Movin’ On Up

What’s With Those Double-Decker Buses Downtown?

You’re not dreaming; they’re real.

By Peter Holley September 1, 2014 Published in the September 2014 issue of Houstonia Magazine

Newcomers to Houston streets, the red London-style tour buses variously induce shock, delight, confusion, and derision (or all four). Photo courtesy Houston City Tours.

We were only idling on the Preston Street Bridge, it was still just the first leg of the Houston City Tour, and yet—and yet—we’d already stumbled upon that most Houston of all Houston views. Below us flowed the murky greenness that is Buffalo Bayou, the same life-giving waters from which the city had been birthed a few blocks east. To our right sat the Wortham Center. Beyond loomed a pair of vain, vaguely futuristic towers, their silvery glass skins shimmering in the morning light—“the former Enron buildings,” as our guide referred to them.

For a moment, the city’s past and future merged into a single view, and we were overcome by a strange, unfamiliar dizziness. One thing could have caused this reaction, it seemed: a hot flash of civic pride, that fleeting feeling Houstonians so often feel inclined to suppress. 

Did we say one thing? We meant two. It could have been heatstroke, that unfleeting feeling that comes of touring Houston in late summer atop a double-decker bus while wearing black. 

We had had our eye on these buses for some time, indeed had watched in disbelief as the bright red vehicles struggled mightily to bring a hint of London Town to our streets, the buses having variously induced shock, delight, confusion, or derision, depending on our mood. And we weren’t the only ones. Mayor Parker, a worldly woman if ever there was one, felt stymied by the things too. Why else would she have allegedly fired off an e-mail to staffers last year demanding to know why she was stuck in traffic behind—of all things—a double-decker bus?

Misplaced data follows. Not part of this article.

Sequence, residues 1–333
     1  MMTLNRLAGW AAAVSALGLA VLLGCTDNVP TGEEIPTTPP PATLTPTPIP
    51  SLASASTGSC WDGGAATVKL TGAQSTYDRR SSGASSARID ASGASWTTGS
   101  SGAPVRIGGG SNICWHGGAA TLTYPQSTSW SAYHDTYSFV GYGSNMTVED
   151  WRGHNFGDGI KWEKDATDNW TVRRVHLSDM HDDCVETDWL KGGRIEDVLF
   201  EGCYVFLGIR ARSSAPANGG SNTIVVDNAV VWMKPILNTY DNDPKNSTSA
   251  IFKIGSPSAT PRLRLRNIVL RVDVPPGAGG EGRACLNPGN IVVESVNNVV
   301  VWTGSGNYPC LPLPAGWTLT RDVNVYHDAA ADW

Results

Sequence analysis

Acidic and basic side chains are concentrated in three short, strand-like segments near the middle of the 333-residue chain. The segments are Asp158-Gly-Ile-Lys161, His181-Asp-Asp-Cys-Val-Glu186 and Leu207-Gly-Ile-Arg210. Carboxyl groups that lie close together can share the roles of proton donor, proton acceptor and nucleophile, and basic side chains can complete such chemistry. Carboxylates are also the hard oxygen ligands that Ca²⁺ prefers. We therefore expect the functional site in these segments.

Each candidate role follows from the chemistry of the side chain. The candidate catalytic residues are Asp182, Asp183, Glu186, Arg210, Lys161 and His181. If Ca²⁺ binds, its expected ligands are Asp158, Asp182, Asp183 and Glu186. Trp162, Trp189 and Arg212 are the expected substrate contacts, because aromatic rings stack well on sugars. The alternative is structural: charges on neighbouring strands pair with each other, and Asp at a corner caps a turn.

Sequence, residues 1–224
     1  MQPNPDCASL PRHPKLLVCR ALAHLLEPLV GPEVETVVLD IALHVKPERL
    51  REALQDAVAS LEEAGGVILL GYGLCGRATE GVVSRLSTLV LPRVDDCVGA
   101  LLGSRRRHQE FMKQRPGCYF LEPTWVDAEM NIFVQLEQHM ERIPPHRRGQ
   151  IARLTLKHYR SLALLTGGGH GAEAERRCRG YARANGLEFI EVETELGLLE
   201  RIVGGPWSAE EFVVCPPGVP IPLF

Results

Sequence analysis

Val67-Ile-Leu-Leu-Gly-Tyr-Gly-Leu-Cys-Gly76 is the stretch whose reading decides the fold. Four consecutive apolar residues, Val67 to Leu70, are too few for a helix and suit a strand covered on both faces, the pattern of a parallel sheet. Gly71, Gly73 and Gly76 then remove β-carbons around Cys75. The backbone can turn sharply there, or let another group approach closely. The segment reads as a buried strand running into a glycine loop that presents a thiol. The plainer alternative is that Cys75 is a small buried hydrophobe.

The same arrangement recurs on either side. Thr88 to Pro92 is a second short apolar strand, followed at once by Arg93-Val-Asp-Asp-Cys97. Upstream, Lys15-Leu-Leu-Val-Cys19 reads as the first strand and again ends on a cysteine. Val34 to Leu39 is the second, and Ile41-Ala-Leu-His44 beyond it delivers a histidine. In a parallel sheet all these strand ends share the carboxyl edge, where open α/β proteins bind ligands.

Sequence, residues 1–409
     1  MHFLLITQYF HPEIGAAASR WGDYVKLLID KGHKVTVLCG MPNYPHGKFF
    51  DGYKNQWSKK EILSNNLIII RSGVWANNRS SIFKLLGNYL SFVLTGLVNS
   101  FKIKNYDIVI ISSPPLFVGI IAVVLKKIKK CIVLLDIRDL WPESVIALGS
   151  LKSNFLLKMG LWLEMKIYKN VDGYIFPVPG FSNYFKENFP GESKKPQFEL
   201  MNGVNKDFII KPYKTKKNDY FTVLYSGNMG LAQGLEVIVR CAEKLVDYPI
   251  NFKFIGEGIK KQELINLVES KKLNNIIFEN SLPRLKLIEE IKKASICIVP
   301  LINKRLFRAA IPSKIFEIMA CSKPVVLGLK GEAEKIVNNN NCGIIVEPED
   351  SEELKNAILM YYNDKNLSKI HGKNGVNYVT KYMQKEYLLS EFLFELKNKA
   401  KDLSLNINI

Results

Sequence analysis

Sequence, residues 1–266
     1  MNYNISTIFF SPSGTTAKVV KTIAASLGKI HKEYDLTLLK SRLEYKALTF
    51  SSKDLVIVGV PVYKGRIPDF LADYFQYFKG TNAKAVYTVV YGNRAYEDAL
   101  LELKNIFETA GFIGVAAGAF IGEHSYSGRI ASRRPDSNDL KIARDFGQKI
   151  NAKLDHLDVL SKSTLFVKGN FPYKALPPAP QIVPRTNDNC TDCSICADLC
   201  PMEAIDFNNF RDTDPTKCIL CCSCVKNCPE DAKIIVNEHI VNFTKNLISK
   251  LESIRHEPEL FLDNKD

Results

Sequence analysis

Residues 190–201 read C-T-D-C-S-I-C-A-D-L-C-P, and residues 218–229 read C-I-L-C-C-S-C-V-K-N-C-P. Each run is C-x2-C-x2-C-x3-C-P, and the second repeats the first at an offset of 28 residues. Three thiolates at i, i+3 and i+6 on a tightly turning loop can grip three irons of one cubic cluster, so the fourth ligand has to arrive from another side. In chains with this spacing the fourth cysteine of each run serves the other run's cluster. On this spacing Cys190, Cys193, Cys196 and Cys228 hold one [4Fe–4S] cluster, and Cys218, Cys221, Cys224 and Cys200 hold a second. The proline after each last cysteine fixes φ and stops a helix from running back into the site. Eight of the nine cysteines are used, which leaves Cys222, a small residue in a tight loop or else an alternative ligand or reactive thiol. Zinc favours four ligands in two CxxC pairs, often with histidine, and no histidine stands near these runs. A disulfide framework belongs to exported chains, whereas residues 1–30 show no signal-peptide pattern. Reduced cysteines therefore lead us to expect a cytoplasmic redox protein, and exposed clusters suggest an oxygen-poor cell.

Parker has since come around, a development that would seem to be good news for Carmen Gallegos, who launched Houston City Tours last summer with her husband, Antonio Rodriguez. Think of it as one family’s response to Houston’s arrival on the national stage, a response that those in the couple’s circle found puzzling, to say the least. 

“Everyone thought we were crazy to start this company because Houston is not known for having a lot of tourists,” said Gallegos, who ran a travel agency in town before the Internet ran her out of business. “But what we noticed was that Houstonians usually know as little about their town as people who come here to visit, and we wanted to serve them as well.” 

Thus did the Gallegos-Rodriguez odyssey begin, one that took them first to Alabama, where they found a guy who owned a used London double-decker bus, and then to the library, where the pair spent months preparing their spiel by poring over local history texts. A little over a year later, the company has added three more buses and tours, and expanded its reach to the Space Center, Galveston Island, and the Tanger Outlets. “Around 20 percent of our riders are from Houston,” Gallegos estimated. “The majority are convention-goers from countries like Australia, the United Kingdom, Brazil, and Mexico.” The sky would seem to be the limit for HCT, which is planning to add a fourth bus soon as well as a Galleria tour. In fact, the only thing that has stopped them so far is engine trouble (they have to fly in mechanics from London).